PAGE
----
From Customer to Employee: My Journey to Joining MongoDB

Boris Bialek


In this post, you will hear from Boris Bialek, who was a MongoDB customer before joining MongoDB as Head of Innovation in EMEA. Boris will walk you through how he began his career in the database industry years ago and what his journey has been like growing his career in a new direction.

"Boris Bialek"

After working with MongoDB for several years in my previous company as a customer, I became passionate about helping others embark on the same journey and assisting them in their implementation. The more I was able to work with MongoDB as their client, the more intrigued I became with their work culture, product, and career opportunities.

In my previous role, I focused on delivering a new product release every six months. This process began to feel like a repetitive dance and, after a while, I knew I needed a career change that would be more engaging. Moving into a client-facing role at MongoDB, as the Head of Innovation, was the perfect fit for me. Clients can benefit from my experience and I love the opportunity to showcase MongoDB, which I am very passionate about.

My first experience with a database

I was a student at the Karlsruhe Institute of Technology — the oldest technical university in Germany — when the move from the “mini computer” as the Digital VAX were called then to the PC was just happening. The latest craze at the time, was the news that Microsoft may come out with an operating system for 32bit. We were the first generation of Computer Science Masters graduates who would spend way more time on software than machine design, hardware, and chips. Relational databases and SQL were the database standards — actually the only databases really discussed. We even got a copy of Oracle running on our SPARC cluster. Building a sample SQL system that had airport codes and flight numbers was the intro assignment I received and I was instantly hooked. Databases are actually quite cool and you can do crazy things with them. Even today, I am still fascinated with moving data around and constructing complex solutions on top of data engines.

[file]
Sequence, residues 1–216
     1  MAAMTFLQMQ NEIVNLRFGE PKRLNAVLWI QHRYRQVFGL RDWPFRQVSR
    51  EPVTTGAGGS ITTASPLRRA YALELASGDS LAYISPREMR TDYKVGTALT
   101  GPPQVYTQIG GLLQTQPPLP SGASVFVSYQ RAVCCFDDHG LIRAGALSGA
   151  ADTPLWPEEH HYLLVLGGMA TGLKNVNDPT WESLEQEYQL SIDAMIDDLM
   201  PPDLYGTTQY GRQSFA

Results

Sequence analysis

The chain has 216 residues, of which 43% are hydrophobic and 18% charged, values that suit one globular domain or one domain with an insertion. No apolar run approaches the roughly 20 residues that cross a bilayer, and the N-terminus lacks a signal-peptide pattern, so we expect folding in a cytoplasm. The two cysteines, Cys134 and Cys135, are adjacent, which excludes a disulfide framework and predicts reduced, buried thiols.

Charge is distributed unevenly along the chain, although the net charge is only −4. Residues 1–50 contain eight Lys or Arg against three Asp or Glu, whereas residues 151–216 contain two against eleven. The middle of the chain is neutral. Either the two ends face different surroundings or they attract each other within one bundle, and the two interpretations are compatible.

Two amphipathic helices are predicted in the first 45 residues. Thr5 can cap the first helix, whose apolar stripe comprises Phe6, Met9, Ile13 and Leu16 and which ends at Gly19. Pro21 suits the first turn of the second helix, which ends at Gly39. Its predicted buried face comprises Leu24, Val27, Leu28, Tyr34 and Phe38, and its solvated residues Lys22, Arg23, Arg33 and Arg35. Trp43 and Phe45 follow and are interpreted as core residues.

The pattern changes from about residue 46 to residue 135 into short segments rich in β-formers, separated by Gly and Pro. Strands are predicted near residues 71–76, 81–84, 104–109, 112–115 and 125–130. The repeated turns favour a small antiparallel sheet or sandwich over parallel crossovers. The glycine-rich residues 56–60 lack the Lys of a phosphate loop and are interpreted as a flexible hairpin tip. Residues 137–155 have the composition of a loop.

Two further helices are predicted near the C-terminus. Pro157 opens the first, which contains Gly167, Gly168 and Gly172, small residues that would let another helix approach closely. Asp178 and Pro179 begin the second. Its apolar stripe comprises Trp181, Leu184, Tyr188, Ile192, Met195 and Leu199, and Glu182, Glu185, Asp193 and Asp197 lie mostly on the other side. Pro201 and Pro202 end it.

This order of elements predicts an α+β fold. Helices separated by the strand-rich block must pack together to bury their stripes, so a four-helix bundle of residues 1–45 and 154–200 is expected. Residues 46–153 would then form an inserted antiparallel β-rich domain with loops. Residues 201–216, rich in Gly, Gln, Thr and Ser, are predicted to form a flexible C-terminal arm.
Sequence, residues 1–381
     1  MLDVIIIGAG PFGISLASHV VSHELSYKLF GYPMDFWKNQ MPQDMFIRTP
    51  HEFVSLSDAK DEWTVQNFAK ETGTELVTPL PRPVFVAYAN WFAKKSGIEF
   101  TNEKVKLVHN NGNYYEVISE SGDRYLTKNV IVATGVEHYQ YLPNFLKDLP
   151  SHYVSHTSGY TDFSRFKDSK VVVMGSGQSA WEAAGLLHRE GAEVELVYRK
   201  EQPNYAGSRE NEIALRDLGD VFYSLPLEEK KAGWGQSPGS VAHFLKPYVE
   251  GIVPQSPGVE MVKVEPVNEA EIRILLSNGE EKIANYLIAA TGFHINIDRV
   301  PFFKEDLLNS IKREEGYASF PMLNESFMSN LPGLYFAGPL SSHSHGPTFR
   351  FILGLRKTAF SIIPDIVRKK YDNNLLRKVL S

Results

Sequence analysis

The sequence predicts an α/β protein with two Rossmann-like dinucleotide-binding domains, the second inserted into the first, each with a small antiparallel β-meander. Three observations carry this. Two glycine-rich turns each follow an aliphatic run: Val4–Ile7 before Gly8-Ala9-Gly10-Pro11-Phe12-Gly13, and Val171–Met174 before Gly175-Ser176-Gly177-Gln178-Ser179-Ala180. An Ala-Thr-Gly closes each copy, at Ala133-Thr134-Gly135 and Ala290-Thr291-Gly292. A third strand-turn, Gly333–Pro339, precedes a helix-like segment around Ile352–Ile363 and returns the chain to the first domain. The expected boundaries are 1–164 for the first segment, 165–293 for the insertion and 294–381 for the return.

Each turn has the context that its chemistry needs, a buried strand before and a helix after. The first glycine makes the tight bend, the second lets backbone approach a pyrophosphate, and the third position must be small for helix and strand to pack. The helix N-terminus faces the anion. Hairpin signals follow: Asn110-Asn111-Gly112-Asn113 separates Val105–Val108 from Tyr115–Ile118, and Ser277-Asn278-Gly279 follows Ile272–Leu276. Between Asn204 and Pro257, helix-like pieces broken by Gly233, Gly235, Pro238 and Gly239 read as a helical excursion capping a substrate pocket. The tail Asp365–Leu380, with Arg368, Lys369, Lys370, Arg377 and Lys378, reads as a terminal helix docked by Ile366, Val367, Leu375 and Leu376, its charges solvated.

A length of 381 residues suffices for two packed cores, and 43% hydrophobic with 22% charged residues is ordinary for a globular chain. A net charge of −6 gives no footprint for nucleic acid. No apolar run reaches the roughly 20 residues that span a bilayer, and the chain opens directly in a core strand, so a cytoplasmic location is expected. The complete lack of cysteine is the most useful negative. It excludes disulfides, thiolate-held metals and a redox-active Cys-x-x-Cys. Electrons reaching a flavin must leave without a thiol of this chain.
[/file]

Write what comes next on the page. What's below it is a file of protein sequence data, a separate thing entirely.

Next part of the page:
Over the years, I did a lot of benchmarking on distributed systems and the tuning and deployment of the database was always the linchpin of every project. You could scale any application server instance (even for monolithic applications), but the database was singular and anything related to availability was considered rocket science. Later, availability became a bigger issue looking for resolution. The setup of a failover cluster, replicated logs, and alike always had the chance of failing — especially in production. There was a wide group of “High Availability products” from various vendors out there — we fail to mention their names to protect the innocent here — and they claimed to make it “easy,” but true availability was not achieved and even today, the most advanced appliance systems are brought down completely for maintenance at lower levels or operate without a true three-node concept (unlike MongoDB).

Working with MongoDB as a customer

Over time, a number of other database concepts appeared but nothing really worked, and so the technology of relational databases continued to be it. Fast forward a few years, and I began working for a very large banking software provider, and we were sitting on a legacy stack with SQLServer. The data was divided into hundreds of tables to account for different data types and structures. Each time an upgrade had to happen, update scripts needed to be applied to fix even the most minor changes to the database schema.